The U.S. Supreme Court on Tuesday ruled that a company behind a proposed Pennsylvania-to-New Jersey natural gas pipeline has the authority to use eminent domain to acquire lands controlled by New Jersey for the project.
The justices ruled 5-4 that the PennEast Pipeline can initiate condemnation proceedings against the state for the 116-mile project, which would send Marcellus shale natural gas from Luzerne County in Pennsylvania to Mercer County in New Jersey.
The high court’s ruling, while a significant hurdle cleared, is far from the last.
The planned pipeline, which has been in the works for at least six years, continues to make its way through layers of regulatory reviews and remains steadfastly opposed by environmental groups and others.
Nonetheless, the company in a statement hailed the court’s ruling on Tuesday.
Anthony Cox, chairman of the PennEast board of managers, said New Jersey had brought the case for political purposes.
“We are pleased that the Supreme Court kept intact more than seven decades of legal precedent for the families and businesses who benefit from more affordable, reliable energy,” he said.
At issue before the Supreme Court was whether the federal government through the Federal Energy Regulatory Commission could constitutionally confer on pipeline companies the authority to condemn rights-of-way on properties in which a state claimed an interest.
Specifically, a provision made to the Natural Gas Act in 1947 authorized companies that had gained FERC’s approval to condemn all necessary rights-of-way, whether owned by private parties or states, said the majority opinion, which was written by Chief Justice John Roberts.
It is undisputed that the provision was passed “specifically to solve the problem of states impeding interstate pipeline development by withholding access to their own eminent domain procedures,” Roberts wrote. “And it was understood both at the time the provision was enacted and over the following decades that states’ property interests would be subject to condemnation.”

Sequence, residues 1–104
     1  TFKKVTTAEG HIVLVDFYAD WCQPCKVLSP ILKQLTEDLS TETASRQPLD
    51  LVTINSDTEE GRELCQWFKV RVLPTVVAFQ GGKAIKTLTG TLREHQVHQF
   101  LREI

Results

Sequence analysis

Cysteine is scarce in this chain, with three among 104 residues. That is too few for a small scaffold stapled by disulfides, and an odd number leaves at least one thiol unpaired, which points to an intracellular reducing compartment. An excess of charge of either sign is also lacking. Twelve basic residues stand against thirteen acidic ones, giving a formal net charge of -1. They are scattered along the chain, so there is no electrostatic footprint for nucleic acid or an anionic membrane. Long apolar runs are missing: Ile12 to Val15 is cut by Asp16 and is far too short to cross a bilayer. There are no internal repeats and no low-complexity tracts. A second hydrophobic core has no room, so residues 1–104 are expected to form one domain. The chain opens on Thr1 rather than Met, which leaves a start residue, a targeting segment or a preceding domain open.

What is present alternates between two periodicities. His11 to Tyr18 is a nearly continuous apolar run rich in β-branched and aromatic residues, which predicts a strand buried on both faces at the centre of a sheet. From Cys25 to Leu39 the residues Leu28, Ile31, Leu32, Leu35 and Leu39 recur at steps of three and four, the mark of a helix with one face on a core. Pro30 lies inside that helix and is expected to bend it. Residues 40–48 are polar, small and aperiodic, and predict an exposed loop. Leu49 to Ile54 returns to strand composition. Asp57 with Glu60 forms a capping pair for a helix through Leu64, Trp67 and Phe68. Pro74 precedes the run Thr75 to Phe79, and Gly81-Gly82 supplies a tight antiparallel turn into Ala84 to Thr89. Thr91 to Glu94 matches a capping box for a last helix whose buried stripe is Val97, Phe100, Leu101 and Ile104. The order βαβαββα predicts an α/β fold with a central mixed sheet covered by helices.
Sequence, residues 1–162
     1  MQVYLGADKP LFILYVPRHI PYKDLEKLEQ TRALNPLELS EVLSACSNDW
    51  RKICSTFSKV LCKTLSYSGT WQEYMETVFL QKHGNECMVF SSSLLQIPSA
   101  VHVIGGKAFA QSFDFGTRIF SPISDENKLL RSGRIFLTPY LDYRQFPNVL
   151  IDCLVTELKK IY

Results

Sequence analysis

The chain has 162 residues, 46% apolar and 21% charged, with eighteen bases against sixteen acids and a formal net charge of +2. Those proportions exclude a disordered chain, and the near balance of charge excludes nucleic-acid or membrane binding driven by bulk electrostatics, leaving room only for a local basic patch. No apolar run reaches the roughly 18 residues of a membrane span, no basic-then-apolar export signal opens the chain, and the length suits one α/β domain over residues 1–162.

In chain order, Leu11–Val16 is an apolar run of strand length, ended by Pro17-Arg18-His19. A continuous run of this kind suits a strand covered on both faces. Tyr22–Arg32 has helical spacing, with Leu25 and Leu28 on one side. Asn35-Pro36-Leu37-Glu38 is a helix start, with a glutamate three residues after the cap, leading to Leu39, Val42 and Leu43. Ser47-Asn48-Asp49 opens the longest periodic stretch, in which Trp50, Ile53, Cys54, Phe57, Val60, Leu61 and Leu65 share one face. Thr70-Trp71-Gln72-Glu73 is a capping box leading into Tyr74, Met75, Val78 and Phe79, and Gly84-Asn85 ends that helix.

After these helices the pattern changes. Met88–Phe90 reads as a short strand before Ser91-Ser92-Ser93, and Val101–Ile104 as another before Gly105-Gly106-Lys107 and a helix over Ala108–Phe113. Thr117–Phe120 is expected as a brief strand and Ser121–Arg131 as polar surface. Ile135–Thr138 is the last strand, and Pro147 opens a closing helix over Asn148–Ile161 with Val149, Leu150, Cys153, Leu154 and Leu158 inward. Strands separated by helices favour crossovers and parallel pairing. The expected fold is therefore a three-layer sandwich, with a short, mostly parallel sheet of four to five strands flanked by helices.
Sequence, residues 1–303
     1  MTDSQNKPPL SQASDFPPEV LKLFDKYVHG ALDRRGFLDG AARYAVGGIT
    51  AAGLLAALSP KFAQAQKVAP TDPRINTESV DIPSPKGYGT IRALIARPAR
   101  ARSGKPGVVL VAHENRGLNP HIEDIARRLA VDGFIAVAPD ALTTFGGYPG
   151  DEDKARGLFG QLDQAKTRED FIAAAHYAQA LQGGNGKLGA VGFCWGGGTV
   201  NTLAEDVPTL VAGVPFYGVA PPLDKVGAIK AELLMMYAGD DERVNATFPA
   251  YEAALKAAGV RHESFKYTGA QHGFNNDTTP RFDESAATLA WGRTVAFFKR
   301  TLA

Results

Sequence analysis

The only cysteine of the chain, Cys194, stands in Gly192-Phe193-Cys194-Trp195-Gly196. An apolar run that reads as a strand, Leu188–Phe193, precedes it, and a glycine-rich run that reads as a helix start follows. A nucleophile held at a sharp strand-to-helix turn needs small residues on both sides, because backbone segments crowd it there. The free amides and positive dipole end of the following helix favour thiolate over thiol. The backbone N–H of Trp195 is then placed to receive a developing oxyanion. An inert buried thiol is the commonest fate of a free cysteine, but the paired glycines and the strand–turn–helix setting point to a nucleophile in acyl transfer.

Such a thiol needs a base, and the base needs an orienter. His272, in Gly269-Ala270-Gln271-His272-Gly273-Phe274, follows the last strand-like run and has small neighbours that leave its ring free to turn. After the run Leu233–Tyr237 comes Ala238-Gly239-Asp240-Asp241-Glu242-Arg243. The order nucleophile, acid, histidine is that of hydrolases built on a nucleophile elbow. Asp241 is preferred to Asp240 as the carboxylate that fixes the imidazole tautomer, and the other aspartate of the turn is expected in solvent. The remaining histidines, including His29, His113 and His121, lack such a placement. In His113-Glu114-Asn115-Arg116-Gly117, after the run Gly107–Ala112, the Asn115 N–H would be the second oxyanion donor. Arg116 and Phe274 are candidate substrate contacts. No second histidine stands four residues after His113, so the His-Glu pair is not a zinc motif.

The opinion offered a history lesson about the use of eminent domain and the nation’s system of pipelines.
“For as long as the eminent domain power has been exercised by the United States, it has also been delegated to private parties,” Roberts wrote. “It was commonplace before and after the founding for the colonies and then the states to authorize the private condemnation of land for a variety of public works.”
The ruling noted that the federal government, though its delegates, has “exercised the eminent domain power to give effect to that vision, connecting our country through turnpikes, bridges, and railroads — and more recently pipelines, telecommunications infrastructure, and electric transmission facilities.”
Roberts was joined by conservative justices Samuel Alito and Brett Kavanaugh, and liberal justices Stephen Breyer and Sonia Sotomayor.
PennEast sought to condemn two parcels over which New Jersey asserted possession and 40 parcels in which the state had other claims, such as conservation easements.
New Jersey and others argued that the states’ sovereign immunity prevented the condemnation proceedings.
Further, they argued, even if such proceedings were constitutionally permitted, the language in the 1947 provision to the Natural Gas Act was not clear enough to allow such actions.
Maya van Rossum, the Delaware Riverkeeper and leader of the Delaware Riverkeeper Network, which has been a leading opponent of the pipeline, said in a statement that it was “so disturbing that the profit-making goals of a private pipeline corporation would be given greater respect and protection than the rights of states and people.”
She said the network has multiple challenges pending in federal court and that the project still requires the approvals of New Jersey and Pennsylvania regulators, the U.S. Army Corps of Engineers and the Delaware River Basin Commission.
The company’s initial application before the commission was withdrawn on Jan. 30, 2020, after it filed an amended version with FERC.
The new approach splits the project into two phases, with a plan to work on the Pennsylvania side first. The latest version does not yet include a crossing of the Delaware River as part of its plan.